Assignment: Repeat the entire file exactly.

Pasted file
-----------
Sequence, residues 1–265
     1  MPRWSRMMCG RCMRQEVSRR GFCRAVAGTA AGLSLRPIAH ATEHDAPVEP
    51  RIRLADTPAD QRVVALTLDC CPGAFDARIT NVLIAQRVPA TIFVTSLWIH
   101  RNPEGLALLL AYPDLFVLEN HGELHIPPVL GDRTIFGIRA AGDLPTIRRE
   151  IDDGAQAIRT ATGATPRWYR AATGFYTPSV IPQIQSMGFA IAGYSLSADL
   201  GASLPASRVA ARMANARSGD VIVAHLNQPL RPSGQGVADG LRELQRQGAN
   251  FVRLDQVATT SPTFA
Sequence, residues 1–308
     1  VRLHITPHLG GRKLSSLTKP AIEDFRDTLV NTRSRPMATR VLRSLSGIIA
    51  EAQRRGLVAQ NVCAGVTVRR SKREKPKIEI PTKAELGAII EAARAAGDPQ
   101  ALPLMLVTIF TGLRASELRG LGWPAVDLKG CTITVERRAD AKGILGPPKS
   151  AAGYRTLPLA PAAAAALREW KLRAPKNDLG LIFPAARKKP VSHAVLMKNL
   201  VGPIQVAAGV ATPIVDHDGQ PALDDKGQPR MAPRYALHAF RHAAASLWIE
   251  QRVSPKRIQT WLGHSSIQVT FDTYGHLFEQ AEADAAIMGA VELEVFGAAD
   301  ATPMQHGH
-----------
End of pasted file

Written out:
Sequence, residues 1–265
     1  MPRWSRMMCG RCMRQEVSRR GFCRAVAGTA AGLSLRPIAH ATEHDAPVEP
    51  RIRLADTPAD QRVVALTLDC CPGAFDARIT NVLIAQRVPA TIFVTSLWIH
   101  RNPEGLALLL AYPDLFVLEN HGELHIPPVL GDRTIFGIRA AGDLPTIRRE
   151  IDDGAQAIRT ATGATPRWYR AATGFYTPSV IPQIQSMGFA IAGYSLSADL
   201  GASLPASRVA ARMANARSGD VIVAHLNQPL RPSGQGVADG LRELQRQGAN
   251  FVRLDQVATT SPTFA
Sequence, residues 1–308
     1  VRLHITPHLG GRKLSSLTKP AIEDFRDTLV NTRSRPMATR VLRSLSGIIA
    51  EAQRRGLVAQ NVCAGVTVRR SKREKPKIEI PTKAELGAII EAARAAGDPQ
   101  ALPLMLVTIF TGLRASELRG LGWPAVDLKG CTITVERRAD AKGILGPPKS
   151  AAGYRTLPLA PAAAAALREW KLRAPKNDLG LIFPAARKKP VSHAVLMKNL
   201  VGPIQVAAGV ATPIVDHDGQ PALDDKGQPR MAPRYALHAF RHAAASLWIE
   251  QRVSPKRIQT WLGHSSIQVT FDTYGHLFEQ AEADAAIMGA VELEVFGAAD
   301  ATPMQHGH